The letter was a plea for medical help from Kenan Malkic, then 12 years old, who had lost his leg and both arms when, playing soccer, he stepped on a landmine near his home in Bosnia.
Montanti had worked on a fund-raiser for Bosnian children and wanted to do more. She was in the office of former U.N. Bosnian Ambassador Mohamed Sacirbey when the ambassador showed her Kenan’s letter. Montanti immediately found her calling. She began enlisting airlines, hospitals, and a prosthetic manufacturer to donate their services. The boy and his mother came to stay at Elissa's home in Staten Island, N.Y. as he had surgeries and received prosthetic limbs.
But Montanti didn’t stop there. She went to Bosnia and, after a tour of hospitals and orphanages, she brought another child--and then another--to the U.S. for treatment. She founded the Global Medical Relief Fund (GMRF), a nonprofit that works to get free medical help for children hurt or maimed in war or natural disasters. In ten years, GMRF has helped 60 children from Bosnia, El Salvador, Liberia, Mexico City, Niger, Sierra Leone, Iraq, Indonesia, and Pakistan.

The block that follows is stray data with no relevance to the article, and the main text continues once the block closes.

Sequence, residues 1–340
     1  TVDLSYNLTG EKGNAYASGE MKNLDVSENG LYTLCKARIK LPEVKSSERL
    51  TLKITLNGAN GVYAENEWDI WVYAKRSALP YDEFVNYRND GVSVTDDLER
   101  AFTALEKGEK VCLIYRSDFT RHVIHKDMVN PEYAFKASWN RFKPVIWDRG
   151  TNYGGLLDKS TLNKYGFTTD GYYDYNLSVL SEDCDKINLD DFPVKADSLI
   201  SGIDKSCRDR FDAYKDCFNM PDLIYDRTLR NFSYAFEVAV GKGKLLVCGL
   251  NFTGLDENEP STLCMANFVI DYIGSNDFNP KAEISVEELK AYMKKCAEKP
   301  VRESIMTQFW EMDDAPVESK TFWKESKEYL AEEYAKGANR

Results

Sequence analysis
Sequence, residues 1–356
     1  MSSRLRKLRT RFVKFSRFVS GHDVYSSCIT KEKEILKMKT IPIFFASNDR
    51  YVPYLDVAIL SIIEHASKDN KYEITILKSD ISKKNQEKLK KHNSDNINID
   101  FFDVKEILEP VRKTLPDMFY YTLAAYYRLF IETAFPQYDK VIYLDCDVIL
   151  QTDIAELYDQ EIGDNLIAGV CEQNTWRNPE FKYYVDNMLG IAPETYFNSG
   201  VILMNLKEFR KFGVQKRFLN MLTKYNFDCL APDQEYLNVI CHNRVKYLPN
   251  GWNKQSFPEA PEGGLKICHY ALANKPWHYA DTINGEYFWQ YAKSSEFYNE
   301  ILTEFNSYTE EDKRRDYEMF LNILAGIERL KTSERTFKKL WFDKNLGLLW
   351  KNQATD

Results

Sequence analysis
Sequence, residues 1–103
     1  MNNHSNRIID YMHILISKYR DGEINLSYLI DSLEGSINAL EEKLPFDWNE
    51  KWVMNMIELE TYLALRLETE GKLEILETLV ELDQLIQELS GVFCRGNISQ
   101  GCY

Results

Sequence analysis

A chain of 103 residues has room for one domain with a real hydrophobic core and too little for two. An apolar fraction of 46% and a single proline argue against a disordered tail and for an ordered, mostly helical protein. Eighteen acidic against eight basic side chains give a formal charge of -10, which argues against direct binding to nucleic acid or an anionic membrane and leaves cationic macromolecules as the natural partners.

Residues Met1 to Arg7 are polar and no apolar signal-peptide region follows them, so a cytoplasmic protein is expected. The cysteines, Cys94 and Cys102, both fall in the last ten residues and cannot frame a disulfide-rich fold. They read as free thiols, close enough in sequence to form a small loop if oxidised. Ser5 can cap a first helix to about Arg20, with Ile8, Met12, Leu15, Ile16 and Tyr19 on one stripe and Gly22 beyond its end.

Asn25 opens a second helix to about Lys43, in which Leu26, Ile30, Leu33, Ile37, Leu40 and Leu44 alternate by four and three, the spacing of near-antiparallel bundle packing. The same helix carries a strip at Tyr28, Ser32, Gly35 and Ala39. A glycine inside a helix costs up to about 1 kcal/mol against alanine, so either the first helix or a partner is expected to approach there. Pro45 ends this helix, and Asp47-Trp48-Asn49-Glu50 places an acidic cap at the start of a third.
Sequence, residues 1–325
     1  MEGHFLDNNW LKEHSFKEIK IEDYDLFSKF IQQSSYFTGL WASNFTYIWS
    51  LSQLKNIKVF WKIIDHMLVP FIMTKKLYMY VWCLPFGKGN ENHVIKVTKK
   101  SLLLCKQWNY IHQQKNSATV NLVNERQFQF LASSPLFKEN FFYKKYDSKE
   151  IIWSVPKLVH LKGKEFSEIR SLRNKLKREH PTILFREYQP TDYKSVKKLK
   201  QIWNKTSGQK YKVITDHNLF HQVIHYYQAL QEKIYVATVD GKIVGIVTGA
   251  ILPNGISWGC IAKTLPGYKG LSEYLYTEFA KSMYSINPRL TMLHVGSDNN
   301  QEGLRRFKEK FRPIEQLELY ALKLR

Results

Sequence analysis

Montanti has made several dangerous trips to Iraq and is currently working to get travel visas for three Iraqi children from the same family. “The youngest is seven and lost both legs up to his torso,” Montanti said. “None of them can walk. They have no crutches, they have no wheelchair, they have no home, they have no nothing.”